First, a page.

PROPERTY AND DISAGREEMENT

 

 

Stephen R. Munzer

 

UCLA School of Law

 

 

Disagreements over the nature of property show no sign of abating.  I argue that recent philosophical work on verbal disagreement and on the nature of concepts helps us to clarify, dissolve or resolve some disagreements over property.

 

I do not try to classify the various kinds of verbal disagreement but concentrate on just one kind: that which Chalmers (2011) calls both “broad” and “partial.”  If a disagreement is only partly verbal, it is also partly substantive.  My analysis concentrates on an example of such a disagreement between James Penner and me over whether property has an essential feature, viz. the right to exclude.  He says it does; I disagree.  I argue that our dispute is far from trivial, and that on both analytical and metaphysical grounds my view is the better of the two.

 

Some disagreements over property turn on the nature of concepts, their individuation, and the possibility of using some concepts without fully understanding them.  A disagreement between Jim Harris and A.M. Honoré on the one side and me on the other has to do with some conceptual problems about the nature of relations.  I contend that once the logic of relations is correctly understood, the disagreement between us is, though not trivial, of modest significance.  Of greater philosophical interest is a disagreement between Penner and me, partly because it shows that some disagreements have both verbal and conceptual dimensions, and partly because the account of concepts that he employs does not do the philosophical work he needs it to do.  I suggest, firstly, that he and I seem to use different concepts of property, and, secondly, that if there is a unique concept of property, possibly neither of us has fully mastered it.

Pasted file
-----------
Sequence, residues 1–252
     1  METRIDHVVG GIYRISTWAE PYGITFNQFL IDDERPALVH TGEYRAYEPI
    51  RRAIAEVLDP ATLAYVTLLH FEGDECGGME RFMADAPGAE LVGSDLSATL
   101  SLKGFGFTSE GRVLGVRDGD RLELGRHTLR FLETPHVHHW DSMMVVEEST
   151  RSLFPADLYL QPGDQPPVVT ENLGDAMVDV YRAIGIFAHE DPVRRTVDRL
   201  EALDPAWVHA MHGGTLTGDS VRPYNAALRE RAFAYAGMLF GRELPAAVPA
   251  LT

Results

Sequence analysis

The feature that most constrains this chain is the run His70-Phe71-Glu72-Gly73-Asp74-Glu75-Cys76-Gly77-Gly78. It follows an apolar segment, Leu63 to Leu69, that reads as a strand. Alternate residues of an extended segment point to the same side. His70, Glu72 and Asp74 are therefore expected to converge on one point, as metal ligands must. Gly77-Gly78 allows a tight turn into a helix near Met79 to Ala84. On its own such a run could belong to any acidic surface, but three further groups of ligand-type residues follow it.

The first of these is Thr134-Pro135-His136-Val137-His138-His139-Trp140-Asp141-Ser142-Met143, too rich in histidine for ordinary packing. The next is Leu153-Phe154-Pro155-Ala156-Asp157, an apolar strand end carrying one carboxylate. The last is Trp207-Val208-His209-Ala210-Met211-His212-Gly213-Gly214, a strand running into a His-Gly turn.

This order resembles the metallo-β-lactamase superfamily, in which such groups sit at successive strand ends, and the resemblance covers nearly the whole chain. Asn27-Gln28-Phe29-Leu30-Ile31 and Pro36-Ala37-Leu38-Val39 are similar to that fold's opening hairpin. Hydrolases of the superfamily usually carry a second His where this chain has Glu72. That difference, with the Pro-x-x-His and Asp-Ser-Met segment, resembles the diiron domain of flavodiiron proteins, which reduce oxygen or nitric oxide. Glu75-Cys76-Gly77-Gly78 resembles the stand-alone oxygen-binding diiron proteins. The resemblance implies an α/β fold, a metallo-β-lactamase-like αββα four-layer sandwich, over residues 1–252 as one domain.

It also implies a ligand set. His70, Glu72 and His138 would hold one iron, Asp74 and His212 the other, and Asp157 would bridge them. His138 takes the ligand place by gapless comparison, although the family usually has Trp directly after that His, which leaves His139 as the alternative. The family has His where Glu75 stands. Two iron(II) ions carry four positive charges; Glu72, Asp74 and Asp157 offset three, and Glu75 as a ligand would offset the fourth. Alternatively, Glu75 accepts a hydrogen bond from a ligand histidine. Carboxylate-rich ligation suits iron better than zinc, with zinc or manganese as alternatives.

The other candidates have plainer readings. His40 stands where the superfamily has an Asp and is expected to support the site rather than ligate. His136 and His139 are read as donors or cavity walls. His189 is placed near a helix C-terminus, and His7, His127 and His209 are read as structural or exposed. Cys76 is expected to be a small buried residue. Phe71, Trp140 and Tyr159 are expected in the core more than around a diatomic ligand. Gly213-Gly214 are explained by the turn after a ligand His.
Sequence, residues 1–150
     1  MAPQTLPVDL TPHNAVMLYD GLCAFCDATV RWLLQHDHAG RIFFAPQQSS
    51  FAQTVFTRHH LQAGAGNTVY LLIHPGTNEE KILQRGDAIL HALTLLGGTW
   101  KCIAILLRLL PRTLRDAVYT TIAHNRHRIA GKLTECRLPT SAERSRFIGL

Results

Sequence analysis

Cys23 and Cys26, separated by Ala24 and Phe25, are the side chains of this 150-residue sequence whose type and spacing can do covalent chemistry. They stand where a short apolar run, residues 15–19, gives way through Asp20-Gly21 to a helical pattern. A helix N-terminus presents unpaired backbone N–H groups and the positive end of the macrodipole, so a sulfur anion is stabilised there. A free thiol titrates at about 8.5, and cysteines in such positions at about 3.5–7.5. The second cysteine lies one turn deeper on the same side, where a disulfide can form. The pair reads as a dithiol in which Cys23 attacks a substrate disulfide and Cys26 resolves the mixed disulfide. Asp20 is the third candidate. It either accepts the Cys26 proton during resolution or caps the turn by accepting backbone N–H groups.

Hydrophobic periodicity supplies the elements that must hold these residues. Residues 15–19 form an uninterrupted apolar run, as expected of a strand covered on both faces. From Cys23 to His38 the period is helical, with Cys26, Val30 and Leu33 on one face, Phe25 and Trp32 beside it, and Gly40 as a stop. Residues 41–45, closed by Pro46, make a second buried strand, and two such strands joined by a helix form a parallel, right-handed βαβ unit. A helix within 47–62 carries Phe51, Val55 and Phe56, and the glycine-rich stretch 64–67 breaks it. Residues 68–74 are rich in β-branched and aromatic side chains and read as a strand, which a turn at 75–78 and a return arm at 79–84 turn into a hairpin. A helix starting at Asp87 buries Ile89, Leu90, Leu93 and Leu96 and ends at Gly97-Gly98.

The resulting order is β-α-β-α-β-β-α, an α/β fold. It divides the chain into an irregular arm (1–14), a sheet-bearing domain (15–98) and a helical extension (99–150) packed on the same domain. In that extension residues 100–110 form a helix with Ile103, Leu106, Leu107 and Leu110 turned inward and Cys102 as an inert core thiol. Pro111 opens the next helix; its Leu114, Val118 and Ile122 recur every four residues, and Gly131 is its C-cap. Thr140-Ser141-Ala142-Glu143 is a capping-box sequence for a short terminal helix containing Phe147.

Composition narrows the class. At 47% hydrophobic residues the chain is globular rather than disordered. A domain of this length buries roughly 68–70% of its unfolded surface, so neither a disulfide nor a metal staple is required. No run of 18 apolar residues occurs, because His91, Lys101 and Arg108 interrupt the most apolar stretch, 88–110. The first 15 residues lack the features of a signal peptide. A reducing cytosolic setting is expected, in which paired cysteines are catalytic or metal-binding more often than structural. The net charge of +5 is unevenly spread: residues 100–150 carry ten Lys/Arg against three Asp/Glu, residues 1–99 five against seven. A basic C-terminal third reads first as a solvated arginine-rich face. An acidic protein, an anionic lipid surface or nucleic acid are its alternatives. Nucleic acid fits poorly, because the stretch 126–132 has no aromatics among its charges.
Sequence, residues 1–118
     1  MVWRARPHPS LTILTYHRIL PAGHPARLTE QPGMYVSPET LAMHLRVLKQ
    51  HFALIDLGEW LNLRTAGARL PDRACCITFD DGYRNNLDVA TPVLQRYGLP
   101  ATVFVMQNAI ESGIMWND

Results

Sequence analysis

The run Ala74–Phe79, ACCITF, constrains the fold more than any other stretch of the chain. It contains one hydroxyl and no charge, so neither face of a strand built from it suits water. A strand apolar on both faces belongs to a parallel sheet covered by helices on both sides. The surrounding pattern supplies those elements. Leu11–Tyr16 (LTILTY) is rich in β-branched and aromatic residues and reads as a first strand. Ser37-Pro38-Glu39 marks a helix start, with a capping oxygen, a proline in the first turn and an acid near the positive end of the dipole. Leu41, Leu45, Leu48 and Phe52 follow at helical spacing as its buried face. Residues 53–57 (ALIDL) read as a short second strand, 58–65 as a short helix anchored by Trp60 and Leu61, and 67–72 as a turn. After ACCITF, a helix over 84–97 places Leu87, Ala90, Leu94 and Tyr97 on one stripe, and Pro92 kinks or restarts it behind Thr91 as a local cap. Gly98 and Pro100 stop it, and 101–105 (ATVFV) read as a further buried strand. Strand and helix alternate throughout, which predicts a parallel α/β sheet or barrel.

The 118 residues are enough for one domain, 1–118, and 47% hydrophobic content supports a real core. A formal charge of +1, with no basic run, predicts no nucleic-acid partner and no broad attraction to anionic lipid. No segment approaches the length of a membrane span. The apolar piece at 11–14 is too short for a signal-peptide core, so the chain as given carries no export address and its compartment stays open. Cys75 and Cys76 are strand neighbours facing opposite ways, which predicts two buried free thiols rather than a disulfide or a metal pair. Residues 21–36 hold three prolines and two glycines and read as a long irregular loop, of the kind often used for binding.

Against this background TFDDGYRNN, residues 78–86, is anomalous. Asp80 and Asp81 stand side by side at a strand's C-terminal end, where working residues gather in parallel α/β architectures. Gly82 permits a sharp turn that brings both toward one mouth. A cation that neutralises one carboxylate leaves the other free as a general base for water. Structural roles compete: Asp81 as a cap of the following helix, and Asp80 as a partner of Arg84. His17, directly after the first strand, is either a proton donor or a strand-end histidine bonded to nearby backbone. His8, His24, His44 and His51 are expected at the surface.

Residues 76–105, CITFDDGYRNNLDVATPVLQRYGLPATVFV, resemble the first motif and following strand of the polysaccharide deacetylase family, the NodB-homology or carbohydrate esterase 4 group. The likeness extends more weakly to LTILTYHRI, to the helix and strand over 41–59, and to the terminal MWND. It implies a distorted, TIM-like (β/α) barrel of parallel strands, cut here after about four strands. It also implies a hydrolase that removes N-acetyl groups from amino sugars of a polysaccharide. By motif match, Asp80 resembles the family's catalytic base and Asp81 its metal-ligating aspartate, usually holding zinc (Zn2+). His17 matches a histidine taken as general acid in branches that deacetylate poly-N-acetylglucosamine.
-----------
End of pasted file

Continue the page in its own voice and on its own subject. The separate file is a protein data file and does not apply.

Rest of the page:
The chief recommendations of my paper are:

·         Clarify and, if possible, settle by careful argument disagreements that are both substantive and broadly but only partly verbal.

·         If a disagreement is at once major, partly substantive, and partly conceptual, determine whether the parties are using the same concept of property.

·         If the parties are using a single concept of property, determine whether one or more parties fail to understand that concept completely.

·         Achieve, whenever possible, mastery of a concept so that disagreements which pivot on incomplete understanding of the concept of property can be eliminated.

·         Consider whether it is both possible and useful to make a concept of property more determinate.  One has got to ask what the practical point of greater determinacy would be and the costs of achieving it.